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NFC East QB breakdown – New deals, new faces, higher expectations



A year ago, the NFC East looked like a division full of quarterbacks who could grow old together, with Carson Wentz, Dak Prescott, Daniel Jones and Dwayne Haskins Jr. in starting roles.

Things have changed in various ways.

Haskins, a first-round pick in 2019, has since been cut by the Washington Football Team, and Wentz has been traded by the Philadelphia Eagles to the Indianapolis Colts. The Dallas Cowboys signed Prescott to a four-year, $160 million contract that included an NFL-record $66 million signing bonus. And Jones enters a critical season in his development to determine if he is the New York Giants‘ quarterback for the long term.

Philadelphia appears ready to go with second-year quarterback Jalen Hurts, while Washington picked up veteran Ryan Fitzpatrick.

Following a 2020 NFL season in which Washington won the NFC East with seven wins, it’s a good time to check in on where each team stands at the game’s most important position.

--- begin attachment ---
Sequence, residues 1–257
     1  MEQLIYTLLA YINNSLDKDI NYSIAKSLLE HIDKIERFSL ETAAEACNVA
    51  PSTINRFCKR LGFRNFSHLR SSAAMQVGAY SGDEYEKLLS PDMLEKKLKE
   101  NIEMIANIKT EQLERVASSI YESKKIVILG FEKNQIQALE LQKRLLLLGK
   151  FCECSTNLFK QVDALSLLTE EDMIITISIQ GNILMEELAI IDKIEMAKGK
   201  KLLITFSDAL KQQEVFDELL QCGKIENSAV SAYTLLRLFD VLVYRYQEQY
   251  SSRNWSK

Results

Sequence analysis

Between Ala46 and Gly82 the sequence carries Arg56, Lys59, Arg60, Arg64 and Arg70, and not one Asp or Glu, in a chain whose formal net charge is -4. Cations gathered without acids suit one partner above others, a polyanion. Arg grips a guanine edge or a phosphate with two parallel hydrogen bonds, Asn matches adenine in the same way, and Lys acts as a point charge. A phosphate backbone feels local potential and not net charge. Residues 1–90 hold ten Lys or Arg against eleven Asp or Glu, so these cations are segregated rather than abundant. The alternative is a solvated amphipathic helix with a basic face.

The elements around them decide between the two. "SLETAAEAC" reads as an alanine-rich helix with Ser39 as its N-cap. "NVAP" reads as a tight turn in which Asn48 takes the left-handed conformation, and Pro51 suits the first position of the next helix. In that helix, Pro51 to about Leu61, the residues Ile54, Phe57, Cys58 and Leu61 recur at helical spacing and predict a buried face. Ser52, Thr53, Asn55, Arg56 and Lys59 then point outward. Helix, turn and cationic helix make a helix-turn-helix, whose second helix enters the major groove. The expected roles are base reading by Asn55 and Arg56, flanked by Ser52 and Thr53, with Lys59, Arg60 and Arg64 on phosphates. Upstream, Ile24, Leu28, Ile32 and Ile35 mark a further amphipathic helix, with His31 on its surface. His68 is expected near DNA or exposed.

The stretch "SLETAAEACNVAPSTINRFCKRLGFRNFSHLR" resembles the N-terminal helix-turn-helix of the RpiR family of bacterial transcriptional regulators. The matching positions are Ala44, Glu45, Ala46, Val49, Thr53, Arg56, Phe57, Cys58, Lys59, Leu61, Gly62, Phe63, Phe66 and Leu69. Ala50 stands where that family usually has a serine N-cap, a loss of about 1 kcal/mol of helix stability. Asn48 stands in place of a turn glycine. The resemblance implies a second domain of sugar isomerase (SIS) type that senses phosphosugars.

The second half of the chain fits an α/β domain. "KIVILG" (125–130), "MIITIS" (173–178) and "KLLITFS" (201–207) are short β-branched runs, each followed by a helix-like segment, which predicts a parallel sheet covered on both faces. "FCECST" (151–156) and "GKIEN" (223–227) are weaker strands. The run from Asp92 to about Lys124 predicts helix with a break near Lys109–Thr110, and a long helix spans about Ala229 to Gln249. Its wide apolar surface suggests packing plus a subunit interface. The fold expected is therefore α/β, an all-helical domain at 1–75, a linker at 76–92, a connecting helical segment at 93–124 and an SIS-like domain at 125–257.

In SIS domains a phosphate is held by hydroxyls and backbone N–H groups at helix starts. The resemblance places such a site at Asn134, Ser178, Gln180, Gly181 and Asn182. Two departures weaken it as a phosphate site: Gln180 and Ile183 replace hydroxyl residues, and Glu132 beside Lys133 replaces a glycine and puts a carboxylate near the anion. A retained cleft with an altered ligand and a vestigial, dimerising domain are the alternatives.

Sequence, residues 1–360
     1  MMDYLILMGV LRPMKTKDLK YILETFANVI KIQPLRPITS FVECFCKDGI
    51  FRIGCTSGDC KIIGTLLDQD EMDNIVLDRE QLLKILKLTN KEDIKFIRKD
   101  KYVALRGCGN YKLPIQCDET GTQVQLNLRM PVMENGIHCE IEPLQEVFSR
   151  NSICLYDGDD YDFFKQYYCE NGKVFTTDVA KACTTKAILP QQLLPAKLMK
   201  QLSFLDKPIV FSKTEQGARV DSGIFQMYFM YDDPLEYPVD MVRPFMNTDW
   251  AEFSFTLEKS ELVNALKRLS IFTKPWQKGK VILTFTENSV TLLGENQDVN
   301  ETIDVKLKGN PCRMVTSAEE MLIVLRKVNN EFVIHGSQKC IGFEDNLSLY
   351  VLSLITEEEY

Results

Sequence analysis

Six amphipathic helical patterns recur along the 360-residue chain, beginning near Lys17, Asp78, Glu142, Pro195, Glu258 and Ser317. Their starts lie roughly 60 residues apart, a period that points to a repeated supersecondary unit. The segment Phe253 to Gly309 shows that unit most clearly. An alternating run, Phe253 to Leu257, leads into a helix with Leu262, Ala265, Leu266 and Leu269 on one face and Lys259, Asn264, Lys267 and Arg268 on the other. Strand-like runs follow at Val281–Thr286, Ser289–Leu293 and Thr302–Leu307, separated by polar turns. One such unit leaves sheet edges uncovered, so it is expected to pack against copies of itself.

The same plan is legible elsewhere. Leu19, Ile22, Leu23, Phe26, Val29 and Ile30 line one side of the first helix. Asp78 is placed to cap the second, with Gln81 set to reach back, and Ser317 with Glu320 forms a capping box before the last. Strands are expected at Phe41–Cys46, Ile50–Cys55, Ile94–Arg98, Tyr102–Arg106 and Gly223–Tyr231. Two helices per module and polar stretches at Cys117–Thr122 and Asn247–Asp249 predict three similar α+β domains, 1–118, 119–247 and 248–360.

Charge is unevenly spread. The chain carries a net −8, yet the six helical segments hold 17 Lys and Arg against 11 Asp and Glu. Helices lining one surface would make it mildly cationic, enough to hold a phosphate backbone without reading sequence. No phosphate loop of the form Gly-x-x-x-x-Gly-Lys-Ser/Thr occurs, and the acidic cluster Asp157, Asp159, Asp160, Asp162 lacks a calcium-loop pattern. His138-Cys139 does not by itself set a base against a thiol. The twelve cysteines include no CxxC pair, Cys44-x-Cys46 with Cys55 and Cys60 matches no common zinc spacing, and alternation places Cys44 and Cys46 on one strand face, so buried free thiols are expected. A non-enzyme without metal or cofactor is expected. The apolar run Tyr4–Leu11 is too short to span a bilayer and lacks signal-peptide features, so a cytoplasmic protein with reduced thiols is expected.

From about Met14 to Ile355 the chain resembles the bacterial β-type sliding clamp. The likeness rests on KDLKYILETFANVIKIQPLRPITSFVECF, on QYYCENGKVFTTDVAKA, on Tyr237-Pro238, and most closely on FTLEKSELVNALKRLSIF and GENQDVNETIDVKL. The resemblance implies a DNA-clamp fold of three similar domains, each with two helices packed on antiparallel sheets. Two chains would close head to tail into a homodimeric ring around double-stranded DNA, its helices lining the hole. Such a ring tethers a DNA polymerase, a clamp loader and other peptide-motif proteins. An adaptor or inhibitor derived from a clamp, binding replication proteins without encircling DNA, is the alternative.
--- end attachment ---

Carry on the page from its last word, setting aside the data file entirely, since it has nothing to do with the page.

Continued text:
NFL Nation reporters Jordan Raanan (Giants), Tim McManus (Eagles), John Keim (WFT) and Todd Archer (Cowboys) detail the state of the division’s quarterback spot looking ahead to the 2021 season and beyond.



Dan Orlovsky explains how the expectations have ramped up for Dak Prescott with his new contract.

Signings for 2021: Signed Prescott to a four-year, $160 million deal
Subtractions from 2020: Andy Dalton
Projected 2021 Week 1 starter and his 2020 stats: Prescott (5 starts, 151-for-222, 1,856 yards, 9 TDs, 4 INTs, 78.7 QBR)